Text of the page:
Universities Canada stated the goal of the new Canadian International Development Scholarships 2030 program is to “educate, train, and empower” thousands of people from over 24 developing countries.
The program – part of a $500m package for “key priorities”, such as food security, climate change and gender equality – was announced at the Commonwealth Heads of Government Meeting in Rwanda.
It is being funded by Global Affairs Canada and will focus on providing high-quality education and training opportunities that address inequality, and help to improve individuals’ lives and communities.
Trudeau said it is a “critical time” for countries to “come together to stand up for Ukraine, while addressing the global impacts of Russia’s illegal invasion – like food security and affordability”.
“We’re also focused on growing our relationships with Commonwealth countries, including Rwanda, to create good jobs and growth for the middle class that benefit everyone, while we continue fighting climate change together.”
The scholarship is being administered by a partnership that Colleges and Institutes Canada and Universities Canada have formed with the West African Economic and Monetary Union, the African Institute for Mathematical Sciences, and the Association of African Universities.
“This new program will empower thousands of people in dozens of countries through leadership training, mentorship and education,” said Denise Amyot, CICan president.
“Canada’s colleges and institutions look forward to helping connect educational leaders from across the world to develop new tools and resources for the future,” she continued.
“Canada’s colleges and institutions look forward to helping connect educational leaders from across the world”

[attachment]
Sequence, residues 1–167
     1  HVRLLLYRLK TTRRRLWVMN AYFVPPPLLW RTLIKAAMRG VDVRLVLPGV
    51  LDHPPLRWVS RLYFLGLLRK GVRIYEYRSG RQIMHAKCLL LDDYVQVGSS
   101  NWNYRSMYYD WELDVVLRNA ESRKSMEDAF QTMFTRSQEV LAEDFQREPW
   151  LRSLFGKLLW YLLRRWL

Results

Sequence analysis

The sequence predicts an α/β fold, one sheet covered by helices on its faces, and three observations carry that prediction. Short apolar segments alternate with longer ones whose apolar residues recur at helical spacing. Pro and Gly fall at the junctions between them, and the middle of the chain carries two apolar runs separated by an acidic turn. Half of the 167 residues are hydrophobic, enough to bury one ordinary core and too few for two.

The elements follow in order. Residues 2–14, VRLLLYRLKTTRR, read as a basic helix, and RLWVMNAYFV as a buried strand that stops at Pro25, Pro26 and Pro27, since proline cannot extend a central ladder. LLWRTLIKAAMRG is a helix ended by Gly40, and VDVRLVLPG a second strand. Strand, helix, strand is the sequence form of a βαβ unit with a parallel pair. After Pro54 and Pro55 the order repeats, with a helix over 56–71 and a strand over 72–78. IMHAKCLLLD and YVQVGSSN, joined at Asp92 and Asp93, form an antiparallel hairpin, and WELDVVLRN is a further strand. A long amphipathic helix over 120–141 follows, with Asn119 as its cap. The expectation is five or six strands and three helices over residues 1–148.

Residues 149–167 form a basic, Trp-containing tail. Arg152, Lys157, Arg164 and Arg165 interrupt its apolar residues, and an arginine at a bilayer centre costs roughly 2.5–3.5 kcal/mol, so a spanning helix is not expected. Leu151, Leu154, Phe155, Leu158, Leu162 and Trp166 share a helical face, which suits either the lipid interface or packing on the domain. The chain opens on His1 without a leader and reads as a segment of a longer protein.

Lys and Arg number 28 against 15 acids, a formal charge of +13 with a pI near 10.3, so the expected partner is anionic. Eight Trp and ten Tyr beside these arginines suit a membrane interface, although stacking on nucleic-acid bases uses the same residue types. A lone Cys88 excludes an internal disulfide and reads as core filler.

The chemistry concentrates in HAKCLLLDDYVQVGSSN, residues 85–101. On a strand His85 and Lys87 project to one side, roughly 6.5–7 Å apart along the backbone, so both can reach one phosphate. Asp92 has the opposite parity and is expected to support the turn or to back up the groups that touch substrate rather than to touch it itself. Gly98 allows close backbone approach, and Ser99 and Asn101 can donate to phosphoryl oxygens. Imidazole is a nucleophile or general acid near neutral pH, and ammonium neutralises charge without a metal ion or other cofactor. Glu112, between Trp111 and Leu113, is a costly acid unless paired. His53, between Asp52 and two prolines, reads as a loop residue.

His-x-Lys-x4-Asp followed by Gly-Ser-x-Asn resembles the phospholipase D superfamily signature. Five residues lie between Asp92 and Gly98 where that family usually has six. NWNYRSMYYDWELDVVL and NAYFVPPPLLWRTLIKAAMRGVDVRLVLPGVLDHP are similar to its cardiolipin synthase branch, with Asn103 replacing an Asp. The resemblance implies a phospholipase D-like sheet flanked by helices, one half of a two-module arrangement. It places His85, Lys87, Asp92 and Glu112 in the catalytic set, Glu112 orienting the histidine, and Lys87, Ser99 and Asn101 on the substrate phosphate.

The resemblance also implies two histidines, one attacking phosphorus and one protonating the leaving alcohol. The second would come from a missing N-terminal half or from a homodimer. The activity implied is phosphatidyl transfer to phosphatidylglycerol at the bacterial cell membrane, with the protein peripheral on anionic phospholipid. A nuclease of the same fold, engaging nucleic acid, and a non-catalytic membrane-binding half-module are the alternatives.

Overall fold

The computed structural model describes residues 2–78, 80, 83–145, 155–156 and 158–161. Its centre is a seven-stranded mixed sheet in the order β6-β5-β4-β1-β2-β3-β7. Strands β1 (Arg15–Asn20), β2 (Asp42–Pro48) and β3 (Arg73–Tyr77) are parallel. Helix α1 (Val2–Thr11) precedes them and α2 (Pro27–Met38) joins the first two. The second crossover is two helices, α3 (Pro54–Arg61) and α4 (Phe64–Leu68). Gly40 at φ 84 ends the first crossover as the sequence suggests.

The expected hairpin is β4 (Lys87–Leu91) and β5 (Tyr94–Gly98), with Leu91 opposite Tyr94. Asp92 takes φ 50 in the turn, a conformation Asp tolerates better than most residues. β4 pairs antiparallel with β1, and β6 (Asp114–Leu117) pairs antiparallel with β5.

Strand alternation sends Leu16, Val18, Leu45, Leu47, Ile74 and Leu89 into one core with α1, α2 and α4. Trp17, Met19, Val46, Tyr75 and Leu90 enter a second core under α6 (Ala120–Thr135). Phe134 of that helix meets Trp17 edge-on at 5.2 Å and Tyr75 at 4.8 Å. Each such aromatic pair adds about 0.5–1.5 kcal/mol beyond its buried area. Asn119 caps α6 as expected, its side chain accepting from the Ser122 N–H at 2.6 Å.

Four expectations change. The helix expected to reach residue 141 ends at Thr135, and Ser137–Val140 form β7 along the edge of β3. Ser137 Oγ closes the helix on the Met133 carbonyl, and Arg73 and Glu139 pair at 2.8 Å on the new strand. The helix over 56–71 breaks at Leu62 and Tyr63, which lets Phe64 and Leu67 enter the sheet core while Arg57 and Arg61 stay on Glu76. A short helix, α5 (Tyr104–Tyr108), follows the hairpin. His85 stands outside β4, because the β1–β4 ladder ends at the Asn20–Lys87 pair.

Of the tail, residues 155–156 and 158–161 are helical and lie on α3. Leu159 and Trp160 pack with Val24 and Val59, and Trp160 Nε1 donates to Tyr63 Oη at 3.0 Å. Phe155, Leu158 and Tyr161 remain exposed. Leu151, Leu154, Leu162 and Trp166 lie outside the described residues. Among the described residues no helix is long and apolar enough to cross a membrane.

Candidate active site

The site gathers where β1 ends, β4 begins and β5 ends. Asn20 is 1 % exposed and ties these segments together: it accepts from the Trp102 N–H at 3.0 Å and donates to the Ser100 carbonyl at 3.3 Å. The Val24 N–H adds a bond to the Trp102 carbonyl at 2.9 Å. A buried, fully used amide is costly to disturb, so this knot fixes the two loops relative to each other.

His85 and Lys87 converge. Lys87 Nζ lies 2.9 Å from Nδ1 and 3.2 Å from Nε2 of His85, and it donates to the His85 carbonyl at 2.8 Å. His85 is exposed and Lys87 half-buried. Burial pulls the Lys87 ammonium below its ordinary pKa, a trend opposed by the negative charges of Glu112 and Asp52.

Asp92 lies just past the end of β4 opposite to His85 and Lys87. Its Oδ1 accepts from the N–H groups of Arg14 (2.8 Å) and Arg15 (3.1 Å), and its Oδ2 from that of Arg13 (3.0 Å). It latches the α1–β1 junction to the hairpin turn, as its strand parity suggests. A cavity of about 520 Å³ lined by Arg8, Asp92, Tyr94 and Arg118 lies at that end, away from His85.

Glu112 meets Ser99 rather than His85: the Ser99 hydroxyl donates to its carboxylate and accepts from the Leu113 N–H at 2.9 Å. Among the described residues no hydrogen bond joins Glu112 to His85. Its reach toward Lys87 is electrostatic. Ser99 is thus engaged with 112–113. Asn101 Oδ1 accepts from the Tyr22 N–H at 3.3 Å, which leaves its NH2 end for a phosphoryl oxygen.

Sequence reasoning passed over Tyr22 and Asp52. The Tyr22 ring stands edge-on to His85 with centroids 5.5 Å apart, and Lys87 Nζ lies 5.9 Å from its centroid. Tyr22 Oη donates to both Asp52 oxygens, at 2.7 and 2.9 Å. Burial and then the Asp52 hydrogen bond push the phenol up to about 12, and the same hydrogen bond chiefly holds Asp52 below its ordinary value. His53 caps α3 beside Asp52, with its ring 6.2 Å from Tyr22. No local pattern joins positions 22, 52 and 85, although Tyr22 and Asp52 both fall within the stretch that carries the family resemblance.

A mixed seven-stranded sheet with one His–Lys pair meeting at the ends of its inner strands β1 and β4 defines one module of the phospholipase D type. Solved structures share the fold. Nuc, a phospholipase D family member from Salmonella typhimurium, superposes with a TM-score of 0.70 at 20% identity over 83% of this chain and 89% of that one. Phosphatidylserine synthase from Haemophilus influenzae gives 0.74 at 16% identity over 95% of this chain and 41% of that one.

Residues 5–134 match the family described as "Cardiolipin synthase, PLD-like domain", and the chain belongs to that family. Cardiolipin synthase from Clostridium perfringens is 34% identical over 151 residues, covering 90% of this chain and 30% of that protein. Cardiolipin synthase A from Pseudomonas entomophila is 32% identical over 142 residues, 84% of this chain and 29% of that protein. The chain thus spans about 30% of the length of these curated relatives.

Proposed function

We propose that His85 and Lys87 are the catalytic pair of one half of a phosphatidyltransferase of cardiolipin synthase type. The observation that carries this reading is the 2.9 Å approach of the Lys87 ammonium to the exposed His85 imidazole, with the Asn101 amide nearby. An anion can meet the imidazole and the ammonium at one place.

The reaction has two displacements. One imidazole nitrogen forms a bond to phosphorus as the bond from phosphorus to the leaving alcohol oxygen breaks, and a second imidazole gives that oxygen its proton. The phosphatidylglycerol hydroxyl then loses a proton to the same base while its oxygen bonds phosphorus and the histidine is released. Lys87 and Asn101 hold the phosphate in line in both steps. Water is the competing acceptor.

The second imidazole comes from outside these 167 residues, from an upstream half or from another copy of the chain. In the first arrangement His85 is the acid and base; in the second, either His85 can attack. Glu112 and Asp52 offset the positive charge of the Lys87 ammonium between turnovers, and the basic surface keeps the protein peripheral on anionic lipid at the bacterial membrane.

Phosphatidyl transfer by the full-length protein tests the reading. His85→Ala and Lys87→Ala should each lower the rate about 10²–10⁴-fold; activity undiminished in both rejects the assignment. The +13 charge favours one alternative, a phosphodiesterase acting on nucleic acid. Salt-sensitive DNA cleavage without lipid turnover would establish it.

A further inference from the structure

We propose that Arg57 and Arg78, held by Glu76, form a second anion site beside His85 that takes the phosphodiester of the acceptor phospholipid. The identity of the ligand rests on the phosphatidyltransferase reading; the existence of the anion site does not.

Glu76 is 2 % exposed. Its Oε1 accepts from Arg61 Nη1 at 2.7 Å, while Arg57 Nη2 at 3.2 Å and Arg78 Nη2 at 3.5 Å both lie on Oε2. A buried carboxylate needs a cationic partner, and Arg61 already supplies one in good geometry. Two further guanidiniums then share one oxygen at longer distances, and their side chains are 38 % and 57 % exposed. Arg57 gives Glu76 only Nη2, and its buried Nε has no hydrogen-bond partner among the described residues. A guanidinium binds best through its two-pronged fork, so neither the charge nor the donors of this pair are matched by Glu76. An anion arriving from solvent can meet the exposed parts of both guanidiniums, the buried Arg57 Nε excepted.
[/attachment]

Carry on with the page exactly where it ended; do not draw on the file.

Universities Canada aims to reach over 7,000 people with the program, at least half of whom will be women, in eligible French-speaking and commonwealth countries, as well as Small Island Developing States.
“By supporting the development of talent and fostering the next generation of leadership in countries around the world, the Canadian International Development Scholarships 2030 program will contribute to a better, more equitable and more sustainable future,” said Paul Davidson, president of Universities Canada.
The organisation also reported that the scholarship program will maximise the resources and partnerships between Canada’s network of 236 colleges and universities, including 62 institutions that are French-speaking, and the Canadian post-secondary institutions in the developing countries.
The training and education will mainly focus on areas highlighted by the UN Sustainable Development Goals, such as STEM, climate change, administration, and health sciences. There will also be “tailor-made” programs depending on the country, and participants can engage in a program or course that directly benefits their community.
Update 9:35 GMT, June 30: The list of 24 countries is yet to be finalised but the preliminary countries expected to be involved include: Senegal; Ivory Coast; Benin; Togo; Niger; Mali; Burkina Faso; Guineau-Bissau; Tunisia; Ghana; Rwanda; Kenya; and Tanzania. The full 24 countries will be confirmed later this year.